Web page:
The game has changed. On average, 15-20% of your URLs are not indexed by Google.
This is on top of partial indexing issues for pages that are actually indexed. Partial indexing is when your URL is indexed by Google but some of the content of the page isn’t indexed for numerous reasons.
The larger your website is, the more likely you are to struggle with indexing. Just to give you some examples:
- Walmart: only 61% indexed by Google,
- Yoox.com: only 19% of its content is indexed.
E-commerce stores, publishers, even blogs. Nobody is immune to this issue.
Walmart, Verizon, Medium.com — the type of the website doesn’t matter.
Medium.com is one of my favorite examples with ~20% of its URLs not indexed by Google, but the list of unindexed websites is very long. Our database is filled with thousands of big brands, brands you know, websites you visit every day that are struggling with getting their unique, indexable URLs indexed by Google.
This article will shed some light on this problem and help you not only understand it but also diagnose, monitor, and fix it on your website.
Before we get started discussing solutions to this challenge, let me shed some light on the history of indexing, partial indexing, and rendering SEO.
A bit of history
We started tracking indexing issues of our clients and other large, popular websites hoping to find out what was causing them. We quickly realized that indexing problems come in all possible shapes and sizes.
To understand this problem, we needed more data. We needed to understand the scale of the problem. Last year, we started building our own toolset to track Google’s indexing problems, and this article will summarize the last few years of our research into crawling, rendering, and indexing trends, data from our toolset, and last but not least, Google’s feedback and reaction to us announcing our findings in my “Rendering SEO manifesto” during the SEJ eSummit in June.
Let’s start with the four distinct types of indexing problems you may encounter.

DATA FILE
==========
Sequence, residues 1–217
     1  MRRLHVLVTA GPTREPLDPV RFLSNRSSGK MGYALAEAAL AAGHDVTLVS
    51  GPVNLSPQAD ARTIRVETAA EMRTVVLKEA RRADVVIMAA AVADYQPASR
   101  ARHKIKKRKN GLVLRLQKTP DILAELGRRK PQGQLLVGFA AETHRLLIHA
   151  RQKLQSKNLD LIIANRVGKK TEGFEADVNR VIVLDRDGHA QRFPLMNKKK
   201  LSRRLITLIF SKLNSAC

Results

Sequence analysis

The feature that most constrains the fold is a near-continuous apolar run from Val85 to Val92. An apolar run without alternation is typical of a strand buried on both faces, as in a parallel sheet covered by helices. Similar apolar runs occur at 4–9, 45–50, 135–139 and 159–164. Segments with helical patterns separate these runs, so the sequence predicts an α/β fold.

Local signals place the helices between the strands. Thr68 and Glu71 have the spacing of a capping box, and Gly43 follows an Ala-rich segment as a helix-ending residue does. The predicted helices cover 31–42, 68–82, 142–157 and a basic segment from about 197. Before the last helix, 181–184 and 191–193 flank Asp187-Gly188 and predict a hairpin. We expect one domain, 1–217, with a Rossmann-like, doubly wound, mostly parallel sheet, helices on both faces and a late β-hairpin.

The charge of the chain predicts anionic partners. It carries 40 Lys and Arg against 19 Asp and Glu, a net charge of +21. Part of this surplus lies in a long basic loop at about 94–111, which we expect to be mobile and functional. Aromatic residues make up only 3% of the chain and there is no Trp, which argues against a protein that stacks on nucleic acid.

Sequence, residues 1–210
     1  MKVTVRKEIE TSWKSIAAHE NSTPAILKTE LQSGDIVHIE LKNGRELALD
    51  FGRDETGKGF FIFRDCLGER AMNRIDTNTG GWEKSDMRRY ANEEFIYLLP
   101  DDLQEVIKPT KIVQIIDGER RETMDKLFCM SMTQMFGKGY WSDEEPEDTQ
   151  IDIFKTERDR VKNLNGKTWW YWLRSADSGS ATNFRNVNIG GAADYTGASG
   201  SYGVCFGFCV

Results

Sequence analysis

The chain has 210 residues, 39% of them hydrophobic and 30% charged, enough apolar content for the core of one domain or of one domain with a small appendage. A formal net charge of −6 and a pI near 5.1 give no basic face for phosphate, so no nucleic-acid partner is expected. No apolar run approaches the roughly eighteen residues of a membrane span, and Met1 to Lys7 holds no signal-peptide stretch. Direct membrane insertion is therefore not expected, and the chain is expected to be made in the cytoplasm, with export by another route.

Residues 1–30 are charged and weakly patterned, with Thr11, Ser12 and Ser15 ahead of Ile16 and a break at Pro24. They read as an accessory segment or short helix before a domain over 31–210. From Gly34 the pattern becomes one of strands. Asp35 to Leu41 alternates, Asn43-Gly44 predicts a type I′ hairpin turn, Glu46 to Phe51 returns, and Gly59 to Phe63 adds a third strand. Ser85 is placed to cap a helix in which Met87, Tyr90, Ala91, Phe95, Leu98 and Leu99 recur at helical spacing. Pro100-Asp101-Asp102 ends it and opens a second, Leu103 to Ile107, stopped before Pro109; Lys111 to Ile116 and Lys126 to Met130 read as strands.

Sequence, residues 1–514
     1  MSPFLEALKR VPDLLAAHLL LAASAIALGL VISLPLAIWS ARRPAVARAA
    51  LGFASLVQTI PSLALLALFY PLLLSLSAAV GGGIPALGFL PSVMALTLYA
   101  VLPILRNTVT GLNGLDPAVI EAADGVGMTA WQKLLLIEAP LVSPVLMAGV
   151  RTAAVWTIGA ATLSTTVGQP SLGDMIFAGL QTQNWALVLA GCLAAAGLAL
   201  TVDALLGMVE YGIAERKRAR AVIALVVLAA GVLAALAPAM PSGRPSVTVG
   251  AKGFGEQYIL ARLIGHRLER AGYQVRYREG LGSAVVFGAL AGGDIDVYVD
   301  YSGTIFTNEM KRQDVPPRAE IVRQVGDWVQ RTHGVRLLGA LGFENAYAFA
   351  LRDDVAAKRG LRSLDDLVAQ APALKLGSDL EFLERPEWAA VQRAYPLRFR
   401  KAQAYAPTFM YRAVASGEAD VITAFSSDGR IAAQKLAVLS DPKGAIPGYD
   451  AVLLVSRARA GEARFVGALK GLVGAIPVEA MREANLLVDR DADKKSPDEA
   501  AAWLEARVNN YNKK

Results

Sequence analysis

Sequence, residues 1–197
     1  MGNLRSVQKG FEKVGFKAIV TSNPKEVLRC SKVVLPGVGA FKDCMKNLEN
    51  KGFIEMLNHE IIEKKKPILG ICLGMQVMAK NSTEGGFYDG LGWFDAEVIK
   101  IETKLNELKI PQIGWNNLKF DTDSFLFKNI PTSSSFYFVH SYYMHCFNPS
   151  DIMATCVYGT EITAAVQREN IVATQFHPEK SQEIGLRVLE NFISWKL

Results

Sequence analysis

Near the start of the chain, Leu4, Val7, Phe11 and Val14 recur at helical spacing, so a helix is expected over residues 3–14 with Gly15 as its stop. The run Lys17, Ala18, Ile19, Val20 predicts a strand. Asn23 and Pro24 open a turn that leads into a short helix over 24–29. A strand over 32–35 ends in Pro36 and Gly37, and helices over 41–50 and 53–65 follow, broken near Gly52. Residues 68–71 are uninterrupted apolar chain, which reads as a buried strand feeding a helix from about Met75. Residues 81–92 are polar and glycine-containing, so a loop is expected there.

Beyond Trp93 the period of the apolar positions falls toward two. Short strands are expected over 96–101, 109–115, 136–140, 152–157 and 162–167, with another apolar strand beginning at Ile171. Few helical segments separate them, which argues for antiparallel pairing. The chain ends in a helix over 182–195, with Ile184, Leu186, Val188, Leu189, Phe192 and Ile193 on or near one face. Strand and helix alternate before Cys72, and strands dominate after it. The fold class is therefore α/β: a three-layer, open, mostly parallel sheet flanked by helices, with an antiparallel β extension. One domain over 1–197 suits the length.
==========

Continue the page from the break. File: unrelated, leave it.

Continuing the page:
This problem is the most severe and also the easiest to understand. If your whole URL is not indexed by Google, then it is an overarching problem.
Why do I call it URL indexing? In the past, we used the term “HTML indexing” instead, but we realized that it is not the best idea anymore. You can have partial indexing issues with HTML websites now which makes this term confusing and obsolete. From now on, I’ll stick to URL indexing to make it a bit more precise.
Example of indexing problems on the URL level
Let’s have a look at one of the URLs from our database. We’ll go through a sample diagnostic path to see if the URL is properly indexed by Google.
Before going through all these steps, make sure that the URL in question is not canonicalized, no-indexed, blocked in robots etc.
At the time of writing this article, this URL (like other URLs mentioned in this post) hasn’t been indexed for several months, but I am pretty sure it will be indexed quickly after publication of this article due to external linking and traffic sent to it. Feel free to DM me for a list of URLs that are not indexed by Google if you want to have a look.
Let’s start with the good old site: command check in Google.
We can see that Google didn’t return any results for this URL, but our work is not done.
Site: command often returns false negatives. There is a way around it though (for now).
We usually go with two extra searches just to be sure that our diagnosis is right.
1. “Brand name” + site command
Simply add the brand’s name before the site: command
2. “Keyword” + site command
Add a word that is often used within the content before the site: command to double-check if your results are precise.
In this example, I went with the word “shoes” as this is a product listing for shoes.